New analysis this week points to diesel’s share of Western Europe’s car market continuing its path of gentle decline. LMC Automotive (a GlobalData company) estimates suggest its share of the new car powertrain mix in this big, once diesel-dominated market is continuing to head steadily down. LMC analysis shows that compared with February, the March diesel car market was a little weaker, coming in at a preliminary 16% share which was the second lowest result since the diesel decline trend set in (December 2022 being the low point so far). Analyst Al Bedwell noted the March estimated figure for diesel share was a modest 2.1% year on year fall. “This modest share decline versus last year, emphasises the gentle but steady nature of diesel’s exit from the region’s powertrain mix,” he said. “And it should be noted that the volume estimate for diesel car sales is actually up on last year – albeit with the caveats applying to the comparison with last year.”
The Japanese giant pivots to BEVs
Toyota Motor, the world’s largest vehicle manufacturer by volume, earlier this month announced a major change in corporate strategy under its new CEO Koji Sato – one that involves ramping up battery electric vehicle (BEV) production and sales as it targets carbon-neutrality in 2050. Previous CEO Akio Toyoda, who left office at the end of the last fiscal year, came under increasing pressure to stop the company from falling further behind in the global BEV race. Under his management, the world’s largest automaker was in no hurry to abandon its highly successful hybrid vehicle strategy – a segment it helped establish in the 1990s with the Prius. Under its new management the company believes there is still plenty of mileage left in hybrid vehicles, particularly as sales worldwide are still growing. In a statement this month the company said planned to “steadily reduce CO2 emissions by strengthening its hybrid and plug-in hybrid vehicle ranges – particularly in developing markets”. Toyota’s reluctance to walk away from a market segment which accounted for 2.6m sales last year is understandable. But hybrids’ days are very much numbered in most of the world’s largest markets.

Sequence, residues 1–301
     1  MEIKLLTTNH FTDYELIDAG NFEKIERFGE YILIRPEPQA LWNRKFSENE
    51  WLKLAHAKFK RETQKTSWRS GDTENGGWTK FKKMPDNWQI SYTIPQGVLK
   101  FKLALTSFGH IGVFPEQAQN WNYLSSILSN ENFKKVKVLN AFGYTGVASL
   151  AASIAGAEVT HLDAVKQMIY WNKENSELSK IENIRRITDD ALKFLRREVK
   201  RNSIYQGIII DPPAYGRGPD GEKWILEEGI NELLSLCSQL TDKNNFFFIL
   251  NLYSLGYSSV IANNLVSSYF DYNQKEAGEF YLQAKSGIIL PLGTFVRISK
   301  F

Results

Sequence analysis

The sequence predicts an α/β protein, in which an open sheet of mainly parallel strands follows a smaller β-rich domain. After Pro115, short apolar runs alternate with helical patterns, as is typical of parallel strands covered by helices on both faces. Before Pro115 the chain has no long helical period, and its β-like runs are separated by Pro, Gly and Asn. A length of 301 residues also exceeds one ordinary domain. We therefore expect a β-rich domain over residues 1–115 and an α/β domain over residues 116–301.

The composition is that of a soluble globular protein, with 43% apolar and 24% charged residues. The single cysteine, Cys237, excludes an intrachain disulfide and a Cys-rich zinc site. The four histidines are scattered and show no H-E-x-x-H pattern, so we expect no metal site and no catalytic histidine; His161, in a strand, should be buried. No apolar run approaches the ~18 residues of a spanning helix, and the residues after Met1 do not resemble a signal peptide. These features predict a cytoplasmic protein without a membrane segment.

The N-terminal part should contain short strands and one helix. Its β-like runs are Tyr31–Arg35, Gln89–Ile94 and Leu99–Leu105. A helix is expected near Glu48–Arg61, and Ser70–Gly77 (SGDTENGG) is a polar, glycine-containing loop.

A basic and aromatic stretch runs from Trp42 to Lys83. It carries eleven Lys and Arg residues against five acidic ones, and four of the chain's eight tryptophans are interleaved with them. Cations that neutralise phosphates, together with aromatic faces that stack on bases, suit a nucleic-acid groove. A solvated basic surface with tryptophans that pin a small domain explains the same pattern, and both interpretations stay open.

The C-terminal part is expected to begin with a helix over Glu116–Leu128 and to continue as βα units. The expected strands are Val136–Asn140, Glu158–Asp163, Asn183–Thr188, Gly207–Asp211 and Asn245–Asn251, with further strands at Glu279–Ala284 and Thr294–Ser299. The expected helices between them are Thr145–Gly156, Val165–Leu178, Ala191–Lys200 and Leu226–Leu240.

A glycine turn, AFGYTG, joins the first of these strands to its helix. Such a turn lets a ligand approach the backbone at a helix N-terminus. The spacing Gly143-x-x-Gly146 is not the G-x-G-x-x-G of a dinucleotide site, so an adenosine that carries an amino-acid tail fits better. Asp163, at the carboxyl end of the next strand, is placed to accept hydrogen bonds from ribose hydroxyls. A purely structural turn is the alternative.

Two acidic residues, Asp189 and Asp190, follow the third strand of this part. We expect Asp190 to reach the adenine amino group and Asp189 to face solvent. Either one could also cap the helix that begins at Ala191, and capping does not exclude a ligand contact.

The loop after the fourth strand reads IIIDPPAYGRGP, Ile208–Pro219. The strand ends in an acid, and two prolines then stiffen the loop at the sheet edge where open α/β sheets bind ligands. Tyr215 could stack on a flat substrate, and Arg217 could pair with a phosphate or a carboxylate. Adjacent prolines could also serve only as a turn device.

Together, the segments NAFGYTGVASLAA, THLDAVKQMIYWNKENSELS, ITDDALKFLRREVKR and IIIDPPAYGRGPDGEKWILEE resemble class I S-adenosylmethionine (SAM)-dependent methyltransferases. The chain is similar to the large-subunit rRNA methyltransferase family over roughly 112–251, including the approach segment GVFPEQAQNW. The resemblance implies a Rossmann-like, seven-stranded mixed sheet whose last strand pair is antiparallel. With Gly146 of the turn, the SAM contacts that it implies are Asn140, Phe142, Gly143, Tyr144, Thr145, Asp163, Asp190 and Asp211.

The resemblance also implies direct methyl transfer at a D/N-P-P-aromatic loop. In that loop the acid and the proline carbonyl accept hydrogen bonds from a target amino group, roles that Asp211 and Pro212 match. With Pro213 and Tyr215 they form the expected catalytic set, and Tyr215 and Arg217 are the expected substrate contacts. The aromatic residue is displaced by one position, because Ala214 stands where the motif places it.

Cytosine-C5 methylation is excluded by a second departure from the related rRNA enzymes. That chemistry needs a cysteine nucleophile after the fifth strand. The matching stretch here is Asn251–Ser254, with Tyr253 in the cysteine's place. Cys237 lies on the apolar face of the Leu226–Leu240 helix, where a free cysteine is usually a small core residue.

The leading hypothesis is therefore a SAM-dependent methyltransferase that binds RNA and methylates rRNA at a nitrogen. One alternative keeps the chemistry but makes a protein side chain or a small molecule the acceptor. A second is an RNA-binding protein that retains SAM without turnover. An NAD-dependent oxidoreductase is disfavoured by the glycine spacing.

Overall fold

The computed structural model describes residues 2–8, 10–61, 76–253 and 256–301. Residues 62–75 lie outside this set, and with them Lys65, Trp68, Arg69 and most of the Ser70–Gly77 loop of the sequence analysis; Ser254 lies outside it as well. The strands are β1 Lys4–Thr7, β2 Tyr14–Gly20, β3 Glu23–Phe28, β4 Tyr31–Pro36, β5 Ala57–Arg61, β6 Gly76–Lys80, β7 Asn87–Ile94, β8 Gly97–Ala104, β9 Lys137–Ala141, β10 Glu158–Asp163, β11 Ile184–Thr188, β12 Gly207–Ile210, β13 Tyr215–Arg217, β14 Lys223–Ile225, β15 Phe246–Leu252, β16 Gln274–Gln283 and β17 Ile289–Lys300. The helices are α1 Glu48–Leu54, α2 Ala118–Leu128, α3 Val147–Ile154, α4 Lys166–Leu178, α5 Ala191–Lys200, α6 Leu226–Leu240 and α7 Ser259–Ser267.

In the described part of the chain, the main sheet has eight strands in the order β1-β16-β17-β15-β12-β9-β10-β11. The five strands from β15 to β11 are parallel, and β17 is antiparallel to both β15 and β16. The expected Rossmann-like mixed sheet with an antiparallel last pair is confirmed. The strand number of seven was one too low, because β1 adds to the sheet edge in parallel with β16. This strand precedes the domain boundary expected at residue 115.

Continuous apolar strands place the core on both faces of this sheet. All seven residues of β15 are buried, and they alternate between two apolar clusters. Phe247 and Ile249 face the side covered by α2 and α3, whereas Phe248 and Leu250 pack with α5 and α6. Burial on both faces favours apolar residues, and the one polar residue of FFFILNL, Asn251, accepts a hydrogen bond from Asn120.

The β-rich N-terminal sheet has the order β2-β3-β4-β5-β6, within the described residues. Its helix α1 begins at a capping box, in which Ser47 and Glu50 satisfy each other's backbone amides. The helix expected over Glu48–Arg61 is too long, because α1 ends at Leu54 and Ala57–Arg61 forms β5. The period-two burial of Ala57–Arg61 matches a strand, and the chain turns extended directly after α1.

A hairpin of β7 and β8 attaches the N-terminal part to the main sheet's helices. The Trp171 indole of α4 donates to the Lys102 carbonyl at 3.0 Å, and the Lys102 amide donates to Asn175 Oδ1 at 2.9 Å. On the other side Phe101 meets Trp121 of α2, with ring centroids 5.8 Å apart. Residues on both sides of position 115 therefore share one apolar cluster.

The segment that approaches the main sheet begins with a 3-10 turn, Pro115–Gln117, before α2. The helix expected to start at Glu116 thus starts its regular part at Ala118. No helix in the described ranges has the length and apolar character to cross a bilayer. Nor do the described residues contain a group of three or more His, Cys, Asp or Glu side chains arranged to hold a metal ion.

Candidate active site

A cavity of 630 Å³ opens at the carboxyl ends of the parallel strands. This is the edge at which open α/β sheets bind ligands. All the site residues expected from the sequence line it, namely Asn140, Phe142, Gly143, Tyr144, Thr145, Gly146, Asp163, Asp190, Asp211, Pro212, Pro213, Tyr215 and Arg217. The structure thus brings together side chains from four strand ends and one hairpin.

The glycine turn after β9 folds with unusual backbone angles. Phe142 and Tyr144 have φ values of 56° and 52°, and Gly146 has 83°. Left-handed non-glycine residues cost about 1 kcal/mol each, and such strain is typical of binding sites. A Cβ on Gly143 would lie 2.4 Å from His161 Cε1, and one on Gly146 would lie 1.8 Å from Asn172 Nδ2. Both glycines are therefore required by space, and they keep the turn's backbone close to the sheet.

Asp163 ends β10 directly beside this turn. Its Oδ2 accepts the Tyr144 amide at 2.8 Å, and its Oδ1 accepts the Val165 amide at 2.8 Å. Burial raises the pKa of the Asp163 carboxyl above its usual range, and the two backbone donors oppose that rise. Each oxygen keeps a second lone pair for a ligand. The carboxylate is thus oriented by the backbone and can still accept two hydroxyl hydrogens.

GM future models part deux
Even as it spends heavily on EVs, General Motors isn’t giving up on ICE-powered Buicks and Cadillacs. After our recent overview of selected Chevrolet and GMC new and next generation vehicles, the second of two features covering GM brands this week turned to Buick and Cadillac.
Second life batteries keep the lights on
How can second-life Renault batteries boost municipal energy efficiency in the UK? Good question. Installed at Nottingham City Council’s fleet depot, a bi-directional EV charging, solar and battery energy storage system acts as a case study in fleet management and sustainability. The installation of the battery energy storage system, named the E-STOR, was made by Connected Energy repurposing second-life Renault batteries. This system can help address energy challenges from physical supply restrictions, rural locations or other challenges. We spoke to Nigel Dent, head of sales, Connected Energy, to learn more about the installation and the key goals of the project.